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There was some blowback incurred when DT released their 03' record Train of Thought, which showcased DT's heaviest musical manifestations from albums like Awake and Six Degrees of Inner Turbulence. I always thought the criticism was unwarranted; after all, heaviness has always been a central factor in DT's musical style. This is progressive metal, not progressive rock, Dream Theater, not Yes.
Regardless, its no wonder DT elected to compose a more traditional prog record to commemorate their 20th anniversary; indeed Octavarium encompasses just about every component of what has made DT so exceptional over the years, with some really stellar songs and some not quite as remarkable. Each of the songs in my perception falls into a particular era in DT's discographic repetoir, as demonstrated below.
In terms of more thrash-oriented pieces, which I'll christen the "Awake Epoch" Octavarium serves up The Root of All Evil and Panic Attack, the former the third installment in Mike Portnoy's AA-themed epic and the latter a classic thrash jam with a really catchy riff and chorus. Both are in the vein of what we've come to expect from a DT headbanger, however admittedly it can be safely said most people will regard Root as the weakest song in the AA saga, due mainly to its simplicity relative to its predecessors. Its still a great song and an ideal opener, but doesn't quite meet the mark in comparison to The Glass Prison or This Dying Soul.
Next lets take a look at the more pop-oriented songs on the album, which I have called the "Falling Into Infinity Epoch". If the name is any indication, these songs have been the primary nexus of criticism attributed to this record, suitably so since FII has undoubtably been traditionally the least favored DT album. Songs like The Answer Lies Within, I Walk Beside You, and Never Enough have been criticised for failing to meet the techinical virtuosity and pure prog nature of classical DT songs.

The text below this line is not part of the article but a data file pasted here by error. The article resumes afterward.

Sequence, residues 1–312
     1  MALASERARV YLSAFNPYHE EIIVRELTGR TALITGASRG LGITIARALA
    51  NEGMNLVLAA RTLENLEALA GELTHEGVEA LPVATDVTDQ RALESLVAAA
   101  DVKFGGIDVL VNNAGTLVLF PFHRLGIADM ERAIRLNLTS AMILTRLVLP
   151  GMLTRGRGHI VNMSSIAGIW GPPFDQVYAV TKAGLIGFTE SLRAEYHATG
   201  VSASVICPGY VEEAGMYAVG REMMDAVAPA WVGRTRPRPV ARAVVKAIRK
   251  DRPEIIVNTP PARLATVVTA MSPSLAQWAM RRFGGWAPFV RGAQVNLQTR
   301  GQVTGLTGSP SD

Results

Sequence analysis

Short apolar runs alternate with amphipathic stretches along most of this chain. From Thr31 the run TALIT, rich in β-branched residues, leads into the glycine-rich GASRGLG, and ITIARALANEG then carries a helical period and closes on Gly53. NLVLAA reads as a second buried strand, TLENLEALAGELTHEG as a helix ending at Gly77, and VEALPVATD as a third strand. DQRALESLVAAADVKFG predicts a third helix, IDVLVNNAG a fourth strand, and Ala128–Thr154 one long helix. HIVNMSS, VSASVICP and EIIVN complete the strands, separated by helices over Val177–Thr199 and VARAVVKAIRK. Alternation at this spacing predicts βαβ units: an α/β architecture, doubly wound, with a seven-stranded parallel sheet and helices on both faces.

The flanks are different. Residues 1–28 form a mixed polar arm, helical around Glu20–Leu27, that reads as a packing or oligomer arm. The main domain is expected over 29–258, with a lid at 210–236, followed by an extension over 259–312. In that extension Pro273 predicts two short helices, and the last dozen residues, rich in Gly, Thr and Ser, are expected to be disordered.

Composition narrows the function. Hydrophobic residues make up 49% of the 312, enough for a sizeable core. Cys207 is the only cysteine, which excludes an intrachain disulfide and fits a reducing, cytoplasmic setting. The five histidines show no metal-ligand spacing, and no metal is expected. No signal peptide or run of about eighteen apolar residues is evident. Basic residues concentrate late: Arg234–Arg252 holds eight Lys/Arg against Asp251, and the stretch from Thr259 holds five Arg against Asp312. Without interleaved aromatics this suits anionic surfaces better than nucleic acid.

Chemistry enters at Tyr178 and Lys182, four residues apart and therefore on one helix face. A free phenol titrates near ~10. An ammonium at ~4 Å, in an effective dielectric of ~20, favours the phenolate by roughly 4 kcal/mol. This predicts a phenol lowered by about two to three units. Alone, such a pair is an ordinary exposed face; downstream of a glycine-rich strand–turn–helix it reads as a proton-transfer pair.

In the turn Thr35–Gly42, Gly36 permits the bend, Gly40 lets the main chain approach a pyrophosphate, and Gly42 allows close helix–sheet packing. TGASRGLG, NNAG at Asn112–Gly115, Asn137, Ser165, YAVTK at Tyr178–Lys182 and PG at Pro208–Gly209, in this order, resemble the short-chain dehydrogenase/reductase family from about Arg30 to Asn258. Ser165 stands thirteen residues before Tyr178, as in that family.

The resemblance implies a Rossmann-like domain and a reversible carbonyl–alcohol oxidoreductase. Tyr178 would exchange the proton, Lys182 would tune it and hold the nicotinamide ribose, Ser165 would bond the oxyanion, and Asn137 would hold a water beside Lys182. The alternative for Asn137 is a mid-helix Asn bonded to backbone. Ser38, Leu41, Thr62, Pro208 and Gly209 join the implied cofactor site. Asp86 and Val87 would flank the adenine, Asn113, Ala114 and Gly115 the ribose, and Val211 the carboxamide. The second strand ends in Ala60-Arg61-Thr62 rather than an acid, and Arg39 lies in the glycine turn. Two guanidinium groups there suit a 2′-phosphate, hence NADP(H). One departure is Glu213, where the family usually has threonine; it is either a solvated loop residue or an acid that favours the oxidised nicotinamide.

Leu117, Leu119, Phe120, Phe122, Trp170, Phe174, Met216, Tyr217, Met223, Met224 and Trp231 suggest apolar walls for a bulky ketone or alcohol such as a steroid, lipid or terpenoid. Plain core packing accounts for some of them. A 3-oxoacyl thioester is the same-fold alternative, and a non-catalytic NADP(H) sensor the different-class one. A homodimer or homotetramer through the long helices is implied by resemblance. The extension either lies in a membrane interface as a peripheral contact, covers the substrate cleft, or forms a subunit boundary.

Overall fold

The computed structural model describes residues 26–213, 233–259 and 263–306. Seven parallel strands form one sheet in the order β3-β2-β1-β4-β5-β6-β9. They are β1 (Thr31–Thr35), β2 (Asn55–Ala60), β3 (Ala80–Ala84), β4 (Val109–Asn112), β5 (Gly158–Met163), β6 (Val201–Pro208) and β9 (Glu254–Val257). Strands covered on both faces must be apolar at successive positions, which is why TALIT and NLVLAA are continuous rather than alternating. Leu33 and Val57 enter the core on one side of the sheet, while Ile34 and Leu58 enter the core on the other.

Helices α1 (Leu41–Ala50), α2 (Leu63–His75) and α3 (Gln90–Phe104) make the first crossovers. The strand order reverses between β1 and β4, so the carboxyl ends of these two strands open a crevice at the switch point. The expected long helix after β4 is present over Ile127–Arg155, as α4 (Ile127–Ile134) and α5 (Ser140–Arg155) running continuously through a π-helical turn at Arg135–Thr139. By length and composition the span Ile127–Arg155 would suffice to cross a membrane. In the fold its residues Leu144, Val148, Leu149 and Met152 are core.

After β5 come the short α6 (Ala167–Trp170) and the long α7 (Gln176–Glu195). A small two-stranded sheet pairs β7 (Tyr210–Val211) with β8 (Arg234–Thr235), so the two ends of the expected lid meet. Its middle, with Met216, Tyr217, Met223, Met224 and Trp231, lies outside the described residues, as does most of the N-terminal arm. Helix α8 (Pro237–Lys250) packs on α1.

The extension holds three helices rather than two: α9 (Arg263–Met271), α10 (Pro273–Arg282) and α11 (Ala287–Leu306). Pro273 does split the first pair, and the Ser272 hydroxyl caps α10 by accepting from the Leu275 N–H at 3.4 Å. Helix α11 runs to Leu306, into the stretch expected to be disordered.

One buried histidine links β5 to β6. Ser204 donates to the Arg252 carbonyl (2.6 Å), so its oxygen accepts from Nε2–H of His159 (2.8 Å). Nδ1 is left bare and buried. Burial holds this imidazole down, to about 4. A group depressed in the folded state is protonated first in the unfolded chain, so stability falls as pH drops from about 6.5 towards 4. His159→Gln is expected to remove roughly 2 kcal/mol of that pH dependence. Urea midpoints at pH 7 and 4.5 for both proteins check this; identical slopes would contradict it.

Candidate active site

Indeed these are highly radio-friendly DT songs, take them for what they're worth. Personally I like Answer, its a traditional ballad with uplifting lyrics and frankly I'm not seeing the big deal, a softer song like this appears on every DT record. I wouldn't rank it as high as Disappear but its still cool. The "pop-prog", Muse-esque Never Enough is also quite addicting IMO, the only real gripe I have here is I Walk Beside You. Come on, DT, this would be fine if it was U2 or Coldplay, but you guys definitely have higher standards, its not a catastrophic cacophony, its just not what we've come to expect from you.
Finally we come to the pure-prog, "Images and Words Epoch", defined by more traditional prog songs These Walls, Sacrificed Sons, and the title track Octavarium. All three are spectacular, particularly the 24 minute magnum opus title track. If anyone is wary of buying this album due to the presence of more pop-esque songs, Octavarium alone makes a purchase worthwhile, surely this will be revered as one of DT's greatest songs of all time.
This is an all-encompassing tableau of proggressive metal at its finest. Certainly some songs are better than others, but with such intense range in style compressed into one album, this is to be expected, a great addition to any progressive afficianado's collection.